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Salmon Plan Deserves a Chance

by Editorial Board
The Daily News, October 12, 2009

U.S. District Judge James Redden finished his review of the Obama administration's strategy for saving Pacific Northwest salmon a couple of weeks ago, and invited objections from environmental opponents of the plan. We await the Portland judge's ruling with some apprehension. It's difficult to be optimistic about the survival of the current administration's plan, when it so closely resembles the plan completed last year by the previous administration -- a strategy little changed from one rejected by Redden in 2007.

Though it might spell the Obama plan's legal defeat, the similarity of the two administrations' approaches to salmon recovery is to be applauded. Two years ago, the Bush administration submitted an aggressive strategy for salmon recovery that, nevertheless, recognized the irrigation needs of farmers and attempted to moderate the burden shouldered by hydroelectric power consumers.

Redden's dismissal of the initial Bush plan as inadequate was baffling. The Bonneville and U.S. Army Corps of Engineers had committed to a comprehensive, 10-year salmon recovery plan that would cost Northwest ratepayers a not insignificant $6 billion. Many involved in that recovery effort doubted the usefulness of the court-ordered spills. One certainty, however, was that the spills would raise the cost of salmon recovery for ratepayers. The BPA estimated they would result in $7 million in lost revenue. Still, Redden rejected the plan as inadequate.

The Obama administration has adopted most of the previous administration's revised plan. And like the Bush administration before it, the current administration is catching criticism from both left and right.

Nicole Cordan, legal and policy director of the Save Our Salmon coalition, dismissed the Obama plan as a repeat of the Bush plan. She told Associated Press writer William McCall that, "They adopted Bush-era science and politics." Other environmental groups complained to The Columbian newspaper in Vancouver about one of the few deviations from the Bush plans -- a willingness to study the possibility of dam breaching in the future if the salmon recovery strategy isn't working. They say that's not enough. Critics on the right say that's too much. U.S. Rep. Doc Hastings, R-Pasco, criticized the Obama administration for including a dam breaching option even as a last resort.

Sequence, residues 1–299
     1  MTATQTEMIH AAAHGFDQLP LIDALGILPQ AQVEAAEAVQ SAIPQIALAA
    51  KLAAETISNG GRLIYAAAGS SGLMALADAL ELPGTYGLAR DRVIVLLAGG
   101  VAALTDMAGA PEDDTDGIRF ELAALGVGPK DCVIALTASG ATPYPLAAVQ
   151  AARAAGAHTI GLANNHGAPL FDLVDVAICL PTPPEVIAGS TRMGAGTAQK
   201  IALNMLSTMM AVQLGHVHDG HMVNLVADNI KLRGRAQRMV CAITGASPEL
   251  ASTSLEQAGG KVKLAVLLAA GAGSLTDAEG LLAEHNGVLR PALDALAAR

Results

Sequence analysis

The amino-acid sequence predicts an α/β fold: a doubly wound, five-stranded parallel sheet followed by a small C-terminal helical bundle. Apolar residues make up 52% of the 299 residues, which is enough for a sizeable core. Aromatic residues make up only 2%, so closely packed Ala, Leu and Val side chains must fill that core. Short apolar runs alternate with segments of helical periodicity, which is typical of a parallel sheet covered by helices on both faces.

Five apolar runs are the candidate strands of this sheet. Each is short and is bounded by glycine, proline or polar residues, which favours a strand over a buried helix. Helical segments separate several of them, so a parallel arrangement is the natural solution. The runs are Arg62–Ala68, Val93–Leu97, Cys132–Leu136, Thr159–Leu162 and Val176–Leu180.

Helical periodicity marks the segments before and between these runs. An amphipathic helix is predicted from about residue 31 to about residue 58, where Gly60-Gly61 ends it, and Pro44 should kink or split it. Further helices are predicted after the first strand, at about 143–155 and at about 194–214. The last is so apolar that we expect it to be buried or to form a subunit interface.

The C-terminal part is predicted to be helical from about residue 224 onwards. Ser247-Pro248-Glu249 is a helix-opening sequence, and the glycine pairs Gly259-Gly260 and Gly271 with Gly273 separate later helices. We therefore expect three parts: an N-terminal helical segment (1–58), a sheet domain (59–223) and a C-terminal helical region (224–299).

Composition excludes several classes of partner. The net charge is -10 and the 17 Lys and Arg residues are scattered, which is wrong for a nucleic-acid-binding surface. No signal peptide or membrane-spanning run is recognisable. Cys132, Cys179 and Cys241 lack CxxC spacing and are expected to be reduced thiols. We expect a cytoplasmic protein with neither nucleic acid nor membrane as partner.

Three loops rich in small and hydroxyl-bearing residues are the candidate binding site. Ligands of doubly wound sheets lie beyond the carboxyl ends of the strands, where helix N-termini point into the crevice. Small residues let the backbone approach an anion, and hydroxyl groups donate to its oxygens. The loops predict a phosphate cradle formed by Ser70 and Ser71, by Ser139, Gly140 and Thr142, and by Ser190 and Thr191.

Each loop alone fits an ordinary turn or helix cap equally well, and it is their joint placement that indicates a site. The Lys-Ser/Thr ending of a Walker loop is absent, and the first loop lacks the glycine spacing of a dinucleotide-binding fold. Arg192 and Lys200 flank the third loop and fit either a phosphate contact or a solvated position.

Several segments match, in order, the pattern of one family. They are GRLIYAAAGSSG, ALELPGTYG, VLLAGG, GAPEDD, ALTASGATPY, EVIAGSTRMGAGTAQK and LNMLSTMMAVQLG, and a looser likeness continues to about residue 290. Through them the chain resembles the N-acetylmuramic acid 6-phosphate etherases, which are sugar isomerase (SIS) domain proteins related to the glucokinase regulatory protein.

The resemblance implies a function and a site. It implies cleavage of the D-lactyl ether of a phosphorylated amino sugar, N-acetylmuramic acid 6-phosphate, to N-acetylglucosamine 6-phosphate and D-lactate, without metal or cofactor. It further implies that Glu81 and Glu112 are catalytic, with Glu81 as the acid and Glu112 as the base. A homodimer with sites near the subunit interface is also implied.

Taking fire from both sides sometimes indicates that you've got it about right. We believe that to be the case with the Obama administration's salmon recovery plan. Frankly, we had not expected one so balanced from an administration so critical of its predecessor's environmental policies. Unfortunately, a balanced approach to salmon recovery has not been well-received in Judge Redden's court.

UgottaBkidding wrote on Oct 12, 2009 8:09 AM:
"I wouldn't be so quick to give the US District judge so much credit as to making his judgement on the proposal as much as who is proposing it. We may find that he is simply more supportive of the current administration. After all, it just won the Heisman."

Atrucker wrote on Oct 12, 2009 12:19 PM:
"The judge is trying to do what is right for the salmon, but no action will kill them just as fast. The power company could care less about the fish. If they did grand coulee would not be there. The judge is wanting all the players to make the right decision for the fish. U.S. Rep. Doc Hastings, R-Pasco, has been nothing but a stick in the mud, and caused more harm with his stubborn behavior. He does not understand that a majority rule vote will over rule any stand he takes."

mole wrote on Oct 12, 2009 3:00 PM:
"Fish ladders!!! Grand Coulee has none! Do the dams on the Snake have any! Try building the ladders and see what happens. Just a thought."

Editorial Board
Salmon Plan Deserves a Chance
The Daily News, October 12, 2009

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